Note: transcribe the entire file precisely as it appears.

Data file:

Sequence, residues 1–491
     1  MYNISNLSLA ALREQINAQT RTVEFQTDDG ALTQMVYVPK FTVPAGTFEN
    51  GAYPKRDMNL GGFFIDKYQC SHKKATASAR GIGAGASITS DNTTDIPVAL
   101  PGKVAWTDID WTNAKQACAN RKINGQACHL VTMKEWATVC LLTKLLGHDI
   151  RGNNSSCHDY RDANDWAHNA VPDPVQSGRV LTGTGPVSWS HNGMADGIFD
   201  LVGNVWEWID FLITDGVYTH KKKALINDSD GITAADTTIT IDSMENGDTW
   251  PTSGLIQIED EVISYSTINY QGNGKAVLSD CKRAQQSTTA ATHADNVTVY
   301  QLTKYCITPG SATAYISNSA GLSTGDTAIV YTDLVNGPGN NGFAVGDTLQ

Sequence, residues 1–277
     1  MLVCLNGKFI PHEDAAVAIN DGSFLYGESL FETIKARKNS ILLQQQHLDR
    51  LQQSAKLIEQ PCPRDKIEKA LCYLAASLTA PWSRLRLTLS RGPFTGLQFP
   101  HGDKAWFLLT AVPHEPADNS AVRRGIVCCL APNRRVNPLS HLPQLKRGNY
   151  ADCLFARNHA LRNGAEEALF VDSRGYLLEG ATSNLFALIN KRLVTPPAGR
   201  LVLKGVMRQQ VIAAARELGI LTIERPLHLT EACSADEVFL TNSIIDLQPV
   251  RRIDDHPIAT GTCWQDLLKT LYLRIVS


Sequence, residues 1–491
     1  MYNISNLSLA ALREQINAQT RTVEFQTDDG ALTQMVYVPK FTVPAGTFEN
    51  GAYPKRDMNL GGFFIDKYQC SHKKATASAR GIGAGASITS DNTTDIPVAL
   101  PGKVAWTDID WTNAKQACAN RKINGQACHL VTMKEWATVC LLTKLLGHDI
   151  RGNNSSCHDY RDANDWAHNA VPDPVQSGRV LTGTGPVSWS HNGMADGIFD
   201  LVGNVWEWID FLITDGVYTH KKKALINDSD GITAADTTIT IDSMENGDTW
   251  PTSGLIQIED EVISYSTINY QGNGKAVLSD CKRAQQSTTA ATHADNVTVY
   301  QLTKYCITPG SATAYISNSA GLSTGDTAIV YTDLVNGPGN NGFAVGDTLQ

Sequence, residues 1–277
     1  MLVCLNGKFI PHEDAAVAIN DGSFLYGESL FETIKARKNS ILLQQQHLDR
    51  LQQSAKLIEQ PCPRDKIEKA LCYLAASLTA PWSRLRLTLS RGPFTGLQFP
   101  HGDKAWFLLT AVPHEPADNS AVRRGIVCCL APNRRVNPLS HLPQLKRGNY
   151  ADCLFARNHA LRNGAEEALF VDSRGYLLEG ATSNLFALIN KRLVTPPAGR
   201  LVLKGVMRQQ VIAAARELGI LTIERPLHLT EACSADEVFL TNSIIDLQPV
   251  RRIDDHPIAT GTCWQDLLKT LYLRIVS